In the Empty City

City Square, the would-be bustling hub of Leeds, at prime shopping time and the place is deserted apart from some trees and the Black Prince.
Admin1 is rereading Dead Lions by Mick Herron. Admin2 is reading The Dark by Emma Haughton, a juvenile mystery/romance, wasted on the locked room/powder keg setting of an Antarctic research station in winter.
Today was the warmest day this year: 23.2 °C.
The next day was cloudy and cool. We ate pork, veg and rice with the newlyweds and scored 11 on the GSQ after a lot of guesswork and bet-hedging.

Hooray Hooray It’s a Halo Halo Day!

A sundog in the morning……and a halo in the afternoon.
Followed by buckets of rain.
Admin1 is rereading Cut Short by Leigh Russell. Admin2 is reading The Nothing Man by Catherine Ryan Howard, a gripping novel in which the perpetrator of a string of unsolved murders is reading a true-crime book written by a survivor of his depredations.

Mushroom Cloud

Ooh er! Saw this shape in the sky and couldn’t resist.
Admin1 is reading Survivor’s Guilt by Michael Wood, in which enough tears are shed to float the Titanic. An awful book, a histrionic soap opera with a terrible plot.
Admin2 is reading You Don’t Know Me by Imran Mahmood, a convincing piece of cultural appropriation from a fifty-something Pakistani barrister writing in the first-person voice of a London teenager of Nigerian descent.
Despite the clouds and rain and sudden burst of hail it was the sunniest day of the years so far: 8.449kWh

After the Flood

A day without a storm when there was enough rain for a couple of rainbows and the solar panels served up >2kWh for the first time this year.
And it’s Twosday: 22/2/22 and it’s 22.22 too.
Admin2 is reading The Good Doctor by Damon Galgut; a gloomy book about a failing hospital in the South African bundu; no wonder it was on the Booker shortlist.

Storm Franklin

Oh no, not another one!
It was a dark and stormy night and the morning saw broken branches everywhere and two trees up the road felled. Our sheltered weather station recorded a gust of 34 mph (there might have been worse ones — it is only working intermittently) and we are well on track for our rainiest month ever.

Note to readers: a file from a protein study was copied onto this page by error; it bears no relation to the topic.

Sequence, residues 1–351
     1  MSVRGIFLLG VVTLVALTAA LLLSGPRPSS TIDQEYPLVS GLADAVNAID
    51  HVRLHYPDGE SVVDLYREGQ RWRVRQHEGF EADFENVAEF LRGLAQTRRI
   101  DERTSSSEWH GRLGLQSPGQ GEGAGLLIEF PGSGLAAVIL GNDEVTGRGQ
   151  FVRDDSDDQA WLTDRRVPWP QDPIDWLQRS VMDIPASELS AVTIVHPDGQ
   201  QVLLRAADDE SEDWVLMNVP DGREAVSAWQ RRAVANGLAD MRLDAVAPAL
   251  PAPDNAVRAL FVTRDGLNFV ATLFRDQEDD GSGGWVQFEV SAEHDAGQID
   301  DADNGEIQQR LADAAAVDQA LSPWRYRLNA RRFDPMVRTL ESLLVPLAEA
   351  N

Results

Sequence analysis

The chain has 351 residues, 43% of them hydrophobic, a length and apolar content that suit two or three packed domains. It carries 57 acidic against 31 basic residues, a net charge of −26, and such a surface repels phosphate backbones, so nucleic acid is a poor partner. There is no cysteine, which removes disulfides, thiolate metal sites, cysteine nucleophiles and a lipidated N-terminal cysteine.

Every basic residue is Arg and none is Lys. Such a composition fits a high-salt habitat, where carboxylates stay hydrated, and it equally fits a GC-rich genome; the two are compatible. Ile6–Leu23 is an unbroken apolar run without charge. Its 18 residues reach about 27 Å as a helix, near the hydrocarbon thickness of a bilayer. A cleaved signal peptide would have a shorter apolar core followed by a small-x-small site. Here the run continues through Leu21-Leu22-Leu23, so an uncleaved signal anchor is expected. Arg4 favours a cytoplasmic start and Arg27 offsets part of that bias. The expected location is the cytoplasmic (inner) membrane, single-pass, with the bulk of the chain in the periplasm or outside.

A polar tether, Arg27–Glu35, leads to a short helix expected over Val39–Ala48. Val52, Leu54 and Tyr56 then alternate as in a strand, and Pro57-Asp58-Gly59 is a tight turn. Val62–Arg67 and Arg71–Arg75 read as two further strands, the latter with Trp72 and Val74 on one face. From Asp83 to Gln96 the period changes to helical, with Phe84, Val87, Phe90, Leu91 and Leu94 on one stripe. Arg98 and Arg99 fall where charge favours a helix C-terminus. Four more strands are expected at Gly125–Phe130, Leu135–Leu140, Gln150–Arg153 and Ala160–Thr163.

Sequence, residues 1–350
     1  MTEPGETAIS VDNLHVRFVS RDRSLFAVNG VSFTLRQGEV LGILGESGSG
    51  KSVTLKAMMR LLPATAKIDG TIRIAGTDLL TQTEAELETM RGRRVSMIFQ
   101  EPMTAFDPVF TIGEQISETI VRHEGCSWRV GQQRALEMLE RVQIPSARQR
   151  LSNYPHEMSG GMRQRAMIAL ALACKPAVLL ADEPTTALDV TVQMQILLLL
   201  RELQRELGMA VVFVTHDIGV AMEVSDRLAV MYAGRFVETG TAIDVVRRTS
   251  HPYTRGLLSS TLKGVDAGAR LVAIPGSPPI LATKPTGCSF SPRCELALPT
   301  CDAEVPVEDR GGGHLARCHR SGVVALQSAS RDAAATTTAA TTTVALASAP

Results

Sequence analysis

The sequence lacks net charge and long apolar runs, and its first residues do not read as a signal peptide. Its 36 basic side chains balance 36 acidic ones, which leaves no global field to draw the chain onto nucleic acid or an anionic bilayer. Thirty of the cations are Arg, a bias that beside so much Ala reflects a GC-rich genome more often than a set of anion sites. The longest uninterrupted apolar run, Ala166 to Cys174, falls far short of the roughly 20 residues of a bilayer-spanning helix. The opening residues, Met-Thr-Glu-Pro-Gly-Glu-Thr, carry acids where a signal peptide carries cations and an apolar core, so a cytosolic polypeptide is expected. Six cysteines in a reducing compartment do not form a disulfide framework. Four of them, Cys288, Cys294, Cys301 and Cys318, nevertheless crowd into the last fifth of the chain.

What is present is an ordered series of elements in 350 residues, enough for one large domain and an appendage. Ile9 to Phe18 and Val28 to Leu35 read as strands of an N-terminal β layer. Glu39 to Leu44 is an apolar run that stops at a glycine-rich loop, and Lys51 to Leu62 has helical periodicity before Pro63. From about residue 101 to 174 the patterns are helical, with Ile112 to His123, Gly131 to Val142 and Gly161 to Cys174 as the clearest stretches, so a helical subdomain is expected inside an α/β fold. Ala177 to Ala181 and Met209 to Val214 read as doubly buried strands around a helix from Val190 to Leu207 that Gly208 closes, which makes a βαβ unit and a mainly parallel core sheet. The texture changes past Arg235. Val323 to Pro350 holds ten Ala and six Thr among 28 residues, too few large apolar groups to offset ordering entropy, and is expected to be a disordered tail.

The wind died away and Orion shone down on us. Our family meal was a magnificent cheese pithivier and we scored a sad 8.5 on the GSQ.
Admin2 is reading Snap by Belinda Bauer, a light read about a thieving orphan searching for his mother’s murderer.

Hockney and Mockney

Admin2 has been appreciating the iPad drawings in David Hockney’s The Arrival of Spring, Normandy, 2020 (thx Admin1). Like Admin2, he also saw the same things over and over, and he also observed the sun projected by a pinhole camera of leaves. Today, for the first time this year, the solar panels generated over a kilowatt hour.
Admin1 is reading Body Breaker by MW Craven.

Clouds of the Day: Radiatus

This is a photo disguised as a chalk drawing. I’m grateful to David Hockney for pointing out that the Old Masters were also working from photos (using mirrors, lenses, camerae obscurae and the like; just not film or CCDs).
Admin1 is reading White Corridor by Christopher Fowler. Admin2 is reading Dead Ground by MW Craven.

Ghost Town

Distant skyscrapers dematerialising in the fog. Despite the mist and fog all day, the solar panels produced more energy than yesterday with its constant dazzling sunshine.
Admin1 is reading Dead Ground by MW Craven. Admin2 was reading The Incendium Plot by AD Swanston but gave up halfway through because it was boring and unpleasant. Radcliff is an Elizabethan lawyer with a bent finger but he ain’t no Shardlake, bro.
We scored 9.5 on the GSQ, which was not too bad considering.

More Morning Light

Apparently dawns are more impressive than sunsets because we view them with rested, dark-adapted eyes in clear air. And because we see the sunsets through telephone wires and rooftops. The other side of the sky, though, featured a rainbow without any rain.
Admin1 is rereading London Bridge Is Falling Down by Christopher Fowler. Admin2 is reading The Heron’s Cry by Ann Cleeves.

Good Morning

Same old view of the sun coming up through the back window. The sky was full of flocks of birds which flew away before they could be photographed.
We had roast lamb followed by two kinds of carrot cake and a banana cake for our New Year family meal and scored 11 on the GSQ. Now is the time to tot up our average score for the past year, which was … badum tish … 11.73921568: our best ever, cf last year and all the years before.
Admin1 is reading The Heron’s Cry by Ann Cleeves (thx Admin2). Admin2 is reading The Strange Disappearance of a Bollywood Star by Vaseem Khan. Gotta get those books back to the library soon.